3 African art and a French master

Opening at the end of May, the Musée du Quai Branly will be home to the tribal art and ethnographic collections of the Louvre, the Musée de l'Homme and the Musée d'Arts d'Afrique et d'Océanie. An equally big draw will be Jean Nouvel's Seine-side building, a long, low glass and steel construction. In June, comes the long-awaited reopening of the Musée de l'Orangerie in the Tuilleries, home to Monet's superb large, late waterlily canvases in the curved room designed for them, as well as the Guillaume collection, with works by Cézanne, Soutine and Rousseau.

Contact: Musée du Quai Branly, Hôtel Industriel Le Berlier, 15 rue Jean-Baptiste Berlier, 75103 Paris (00 33 1 56 61 70 00;

Musée de l'Orangerie, 00 33 1 40 13 48 00;

4 World Heritage at Le Havre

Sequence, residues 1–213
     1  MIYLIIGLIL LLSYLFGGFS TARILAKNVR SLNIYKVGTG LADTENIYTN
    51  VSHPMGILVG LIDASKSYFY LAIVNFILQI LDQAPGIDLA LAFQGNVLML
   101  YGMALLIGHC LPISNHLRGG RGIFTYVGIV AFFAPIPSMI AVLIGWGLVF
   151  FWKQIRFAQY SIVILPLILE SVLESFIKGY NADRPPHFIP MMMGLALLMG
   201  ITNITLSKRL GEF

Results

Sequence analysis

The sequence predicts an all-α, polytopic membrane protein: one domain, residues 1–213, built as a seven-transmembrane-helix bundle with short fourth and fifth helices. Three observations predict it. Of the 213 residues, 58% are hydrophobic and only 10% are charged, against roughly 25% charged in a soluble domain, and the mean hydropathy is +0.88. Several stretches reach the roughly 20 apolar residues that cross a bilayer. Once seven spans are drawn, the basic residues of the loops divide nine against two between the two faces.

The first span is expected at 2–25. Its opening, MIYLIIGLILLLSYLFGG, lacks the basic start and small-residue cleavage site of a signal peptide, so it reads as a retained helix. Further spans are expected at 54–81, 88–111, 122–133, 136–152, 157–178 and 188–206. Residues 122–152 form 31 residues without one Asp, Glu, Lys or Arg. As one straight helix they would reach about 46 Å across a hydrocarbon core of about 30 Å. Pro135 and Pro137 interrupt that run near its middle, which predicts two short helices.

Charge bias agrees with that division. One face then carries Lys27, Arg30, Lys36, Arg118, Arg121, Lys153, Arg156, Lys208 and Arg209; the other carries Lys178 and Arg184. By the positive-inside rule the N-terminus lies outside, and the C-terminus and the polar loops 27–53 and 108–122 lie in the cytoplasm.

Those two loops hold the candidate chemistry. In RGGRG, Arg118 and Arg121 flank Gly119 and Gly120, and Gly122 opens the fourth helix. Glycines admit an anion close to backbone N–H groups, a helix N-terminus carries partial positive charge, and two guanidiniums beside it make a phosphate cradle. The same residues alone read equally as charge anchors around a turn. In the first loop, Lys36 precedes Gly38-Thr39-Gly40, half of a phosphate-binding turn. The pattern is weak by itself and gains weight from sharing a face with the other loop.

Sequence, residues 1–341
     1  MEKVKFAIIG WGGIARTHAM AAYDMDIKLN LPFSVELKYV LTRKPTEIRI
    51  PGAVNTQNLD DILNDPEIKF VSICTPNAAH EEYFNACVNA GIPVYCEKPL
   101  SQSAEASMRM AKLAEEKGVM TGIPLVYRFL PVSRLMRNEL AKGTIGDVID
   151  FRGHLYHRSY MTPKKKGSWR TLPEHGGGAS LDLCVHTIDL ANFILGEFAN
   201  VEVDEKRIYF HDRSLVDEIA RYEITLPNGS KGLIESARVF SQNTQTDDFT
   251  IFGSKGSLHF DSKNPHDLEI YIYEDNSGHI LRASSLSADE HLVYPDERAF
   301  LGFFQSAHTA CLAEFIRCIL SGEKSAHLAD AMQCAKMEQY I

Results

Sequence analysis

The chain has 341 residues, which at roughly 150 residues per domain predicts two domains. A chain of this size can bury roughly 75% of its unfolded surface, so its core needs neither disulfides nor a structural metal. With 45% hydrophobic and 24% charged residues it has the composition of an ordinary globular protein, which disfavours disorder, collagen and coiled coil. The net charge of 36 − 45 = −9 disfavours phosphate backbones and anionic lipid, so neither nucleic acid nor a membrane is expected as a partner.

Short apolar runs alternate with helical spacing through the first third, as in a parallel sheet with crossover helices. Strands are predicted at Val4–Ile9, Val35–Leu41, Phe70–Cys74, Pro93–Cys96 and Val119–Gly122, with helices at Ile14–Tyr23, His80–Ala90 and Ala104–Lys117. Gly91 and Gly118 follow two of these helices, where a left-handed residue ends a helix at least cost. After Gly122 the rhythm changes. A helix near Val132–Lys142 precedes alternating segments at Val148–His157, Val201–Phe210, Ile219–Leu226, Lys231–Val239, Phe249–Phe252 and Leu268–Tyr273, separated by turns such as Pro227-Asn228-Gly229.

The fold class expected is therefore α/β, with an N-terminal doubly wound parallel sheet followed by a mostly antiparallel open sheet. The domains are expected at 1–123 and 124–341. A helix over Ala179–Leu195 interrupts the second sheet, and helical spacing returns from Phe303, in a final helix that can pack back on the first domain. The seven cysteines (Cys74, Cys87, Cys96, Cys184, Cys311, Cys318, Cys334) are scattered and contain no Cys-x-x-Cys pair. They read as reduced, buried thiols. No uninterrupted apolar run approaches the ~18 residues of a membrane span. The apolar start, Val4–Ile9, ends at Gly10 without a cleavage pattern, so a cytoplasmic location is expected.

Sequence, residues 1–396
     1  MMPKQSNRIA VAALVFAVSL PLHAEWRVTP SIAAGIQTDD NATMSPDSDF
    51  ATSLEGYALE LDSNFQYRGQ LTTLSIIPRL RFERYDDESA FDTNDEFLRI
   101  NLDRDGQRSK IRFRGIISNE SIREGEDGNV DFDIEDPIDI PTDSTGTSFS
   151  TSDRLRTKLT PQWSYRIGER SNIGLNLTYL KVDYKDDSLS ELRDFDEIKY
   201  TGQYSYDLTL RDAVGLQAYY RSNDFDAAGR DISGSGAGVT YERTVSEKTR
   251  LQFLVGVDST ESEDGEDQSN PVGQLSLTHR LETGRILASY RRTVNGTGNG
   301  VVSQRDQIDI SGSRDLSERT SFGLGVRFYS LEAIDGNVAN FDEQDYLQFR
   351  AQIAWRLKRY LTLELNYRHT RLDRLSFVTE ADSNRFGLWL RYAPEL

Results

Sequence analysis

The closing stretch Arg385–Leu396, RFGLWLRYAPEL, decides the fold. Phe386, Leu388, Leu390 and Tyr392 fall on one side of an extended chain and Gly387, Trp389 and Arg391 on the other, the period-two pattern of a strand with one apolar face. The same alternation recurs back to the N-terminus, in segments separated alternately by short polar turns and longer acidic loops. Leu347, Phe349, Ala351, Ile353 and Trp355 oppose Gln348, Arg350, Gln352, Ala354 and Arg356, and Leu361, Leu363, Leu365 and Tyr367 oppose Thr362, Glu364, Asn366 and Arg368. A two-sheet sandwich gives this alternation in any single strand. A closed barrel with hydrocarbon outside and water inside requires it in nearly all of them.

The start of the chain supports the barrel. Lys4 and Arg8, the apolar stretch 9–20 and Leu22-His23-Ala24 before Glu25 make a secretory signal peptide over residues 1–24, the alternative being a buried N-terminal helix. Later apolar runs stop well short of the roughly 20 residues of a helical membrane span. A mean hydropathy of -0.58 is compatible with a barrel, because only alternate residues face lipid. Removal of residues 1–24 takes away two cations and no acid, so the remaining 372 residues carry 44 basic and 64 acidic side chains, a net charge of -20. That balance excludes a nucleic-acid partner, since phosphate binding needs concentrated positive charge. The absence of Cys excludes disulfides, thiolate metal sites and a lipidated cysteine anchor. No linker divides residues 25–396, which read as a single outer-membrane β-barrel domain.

The town centre of Le Havre has been made a Unesco World Heritage site. Rebuilt in the 1950s by Auguste Perret after blanket bombing, the listing recognises the way the master of reinforced concrete used its warm tinted finish to enhance human-scale arcades and garden squares. The tourist office has created a walk. Other events include the first Omnivore Food Festival on 21 and 22 February, run by hip gourmet magazine Omnivor. A new contemporary art biennale will be held at the Musée du Havre in June, and a Centre de la Mer and Centre Aquatique, designed by Jean Nouvel, are being built.

Contact: Le Havre Tourisme (00 33 2 32 74 04 04;

5 Learn to cook in half an hour